Elsewhere, the River Severn behaved as usual and Tewkesbury was flooded. This is a regular occurrence which so far has always left the twelfth century Abbey high and dry on its island of higher ground. The Thames overflowed and there was flooding in the otherwise highly desirable riverside villages between Maidenhead and Windsor. The event that made the news was the flooding of villages on the Somerset levels, an area created by drainage of marshland in the seventeenth century. This is kept dry by continuous pumping into rivers running between raised dykes, ten feet above their surroundings.

Coastal areas were also flooded, due to storms and high seas, with the main line to Devon and Cornwall being washed away at Dawlish, where the track is laid on a sea wall originally constructed for the railway. The wall was breached as a result of heavy pounding by the waves, Once the sea had broken through, houses on the sea front, built on the soft red sandstone, were undermined. Trains are due to start running in April. after a disruptive two-month closure. There are now discussions about possible alternative routes.

All of this has a direct bearing on land values and how they might change in the future. Land values in Cornwall will slump if rail communication becomes increasingly unreliable. Regular flooding will make residential property uninsurable and of little value. There will have to be changes.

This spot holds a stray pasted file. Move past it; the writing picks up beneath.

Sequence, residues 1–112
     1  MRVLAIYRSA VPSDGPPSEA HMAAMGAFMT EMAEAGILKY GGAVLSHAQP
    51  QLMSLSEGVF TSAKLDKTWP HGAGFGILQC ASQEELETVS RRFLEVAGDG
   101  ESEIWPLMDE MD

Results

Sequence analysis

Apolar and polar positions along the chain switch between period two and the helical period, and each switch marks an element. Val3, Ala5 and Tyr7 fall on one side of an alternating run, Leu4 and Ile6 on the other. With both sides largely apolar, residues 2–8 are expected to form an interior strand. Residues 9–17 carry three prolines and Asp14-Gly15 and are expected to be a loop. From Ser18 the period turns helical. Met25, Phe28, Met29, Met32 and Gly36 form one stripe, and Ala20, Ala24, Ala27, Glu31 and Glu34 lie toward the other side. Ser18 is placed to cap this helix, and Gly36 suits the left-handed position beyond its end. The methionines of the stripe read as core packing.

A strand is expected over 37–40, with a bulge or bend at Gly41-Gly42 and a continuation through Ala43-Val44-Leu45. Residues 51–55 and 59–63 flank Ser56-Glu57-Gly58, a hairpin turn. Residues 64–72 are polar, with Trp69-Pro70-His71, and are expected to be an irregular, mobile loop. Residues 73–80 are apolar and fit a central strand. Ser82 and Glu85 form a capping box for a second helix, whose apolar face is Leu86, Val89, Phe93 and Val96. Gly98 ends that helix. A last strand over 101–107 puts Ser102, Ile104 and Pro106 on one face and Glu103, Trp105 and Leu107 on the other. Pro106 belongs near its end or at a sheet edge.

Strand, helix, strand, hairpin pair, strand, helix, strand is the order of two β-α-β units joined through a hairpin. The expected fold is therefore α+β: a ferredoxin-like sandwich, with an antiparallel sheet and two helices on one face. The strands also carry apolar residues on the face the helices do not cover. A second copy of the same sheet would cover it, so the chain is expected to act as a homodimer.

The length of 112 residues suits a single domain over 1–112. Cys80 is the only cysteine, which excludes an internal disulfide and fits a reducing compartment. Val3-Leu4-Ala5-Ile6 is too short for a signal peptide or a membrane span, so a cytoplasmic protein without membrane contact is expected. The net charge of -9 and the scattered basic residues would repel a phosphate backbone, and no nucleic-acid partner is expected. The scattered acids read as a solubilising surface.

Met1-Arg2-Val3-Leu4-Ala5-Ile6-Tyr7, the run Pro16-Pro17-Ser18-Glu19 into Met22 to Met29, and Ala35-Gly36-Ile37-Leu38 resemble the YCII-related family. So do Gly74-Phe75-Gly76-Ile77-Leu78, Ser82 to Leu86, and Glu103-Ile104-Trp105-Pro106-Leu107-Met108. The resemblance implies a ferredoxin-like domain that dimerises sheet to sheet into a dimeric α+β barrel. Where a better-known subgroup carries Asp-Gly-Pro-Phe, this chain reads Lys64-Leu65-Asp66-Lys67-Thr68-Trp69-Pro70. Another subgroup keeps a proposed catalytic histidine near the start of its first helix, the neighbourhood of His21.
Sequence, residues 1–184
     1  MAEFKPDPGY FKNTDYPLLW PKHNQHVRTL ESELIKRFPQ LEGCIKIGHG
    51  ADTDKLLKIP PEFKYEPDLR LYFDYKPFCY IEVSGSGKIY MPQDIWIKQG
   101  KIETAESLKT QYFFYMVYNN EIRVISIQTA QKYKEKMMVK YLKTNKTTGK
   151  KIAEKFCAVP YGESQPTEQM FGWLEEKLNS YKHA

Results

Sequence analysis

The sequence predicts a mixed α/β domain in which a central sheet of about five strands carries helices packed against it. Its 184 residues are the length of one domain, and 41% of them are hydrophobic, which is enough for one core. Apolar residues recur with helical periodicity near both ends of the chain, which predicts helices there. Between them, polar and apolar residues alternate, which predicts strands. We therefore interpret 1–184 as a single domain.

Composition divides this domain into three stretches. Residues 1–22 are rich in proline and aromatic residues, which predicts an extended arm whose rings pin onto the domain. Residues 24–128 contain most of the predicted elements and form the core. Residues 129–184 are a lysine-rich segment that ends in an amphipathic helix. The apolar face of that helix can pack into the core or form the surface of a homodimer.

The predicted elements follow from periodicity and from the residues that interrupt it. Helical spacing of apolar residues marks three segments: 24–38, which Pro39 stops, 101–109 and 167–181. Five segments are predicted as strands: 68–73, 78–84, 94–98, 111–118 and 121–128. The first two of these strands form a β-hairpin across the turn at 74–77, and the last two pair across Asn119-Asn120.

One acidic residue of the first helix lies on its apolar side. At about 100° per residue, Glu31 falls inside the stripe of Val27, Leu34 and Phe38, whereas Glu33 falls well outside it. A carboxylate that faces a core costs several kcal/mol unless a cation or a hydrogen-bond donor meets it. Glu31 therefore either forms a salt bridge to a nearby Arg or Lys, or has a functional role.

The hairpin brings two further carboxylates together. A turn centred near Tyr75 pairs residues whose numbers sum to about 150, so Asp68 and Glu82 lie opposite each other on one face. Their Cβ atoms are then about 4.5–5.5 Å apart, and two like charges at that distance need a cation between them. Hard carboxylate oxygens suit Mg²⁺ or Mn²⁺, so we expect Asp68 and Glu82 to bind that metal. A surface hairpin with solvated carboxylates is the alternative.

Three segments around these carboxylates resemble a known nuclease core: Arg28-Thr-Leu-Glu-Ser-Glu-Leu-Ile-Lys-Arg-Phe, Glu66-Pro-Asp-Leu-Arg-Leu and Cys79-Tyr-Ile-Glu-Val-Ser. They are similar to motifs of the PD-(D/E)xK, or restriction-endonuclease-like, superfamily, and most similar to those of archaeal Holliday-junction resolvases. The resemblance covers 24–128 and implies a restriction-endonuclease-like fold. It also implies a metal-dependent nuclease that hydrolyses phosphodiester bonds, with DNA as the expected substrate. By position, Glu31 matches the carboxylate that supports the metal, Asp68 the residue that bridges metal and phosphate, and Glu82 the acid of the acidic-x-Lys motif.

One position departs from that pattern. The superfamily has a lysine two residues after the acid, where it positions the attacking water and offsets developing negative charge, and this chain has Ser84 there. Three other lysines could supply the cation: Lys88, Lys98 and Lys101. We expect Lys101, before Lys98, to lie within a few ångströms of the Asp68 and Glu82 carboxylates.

Ideally, the management of rivers would cover entire watersheds from their upland catchment areas to the sea. It might involve restrictions on farming practices in the uplands to slow the runoff of water, for example by establishing more forest cover and holding lakes. Further downstream, there might be restrictions on development in areas subject to flooding, with the designation of zones where flooding would be allowed to take place. Some developed areas may be better abandoned. Restrictions would be imposed in urban areas to stop people from covering their gardens with impervious materials. Close to the sea, conditions are also deteriorating. Measurements over a long period show that sea levels have been slowly rising and wave heights increasing. Decisions would need to taken as to which land should be kept for farming and which should be given up; there is a limit to how much pumping is practicable. Such land might not necessarily be lost to farming altogether if new farming practices were developed, such as fish farming.

All of these changes would give rise to winners and losers. The losers will want compensation. Without LVT it is not possible to claw back the winnings of those who stand to benefit. So nothing can happen without effectively throwing taxpayers’ money in the direction of all landowners. So nothing much will happen and the problem will go on getting worse.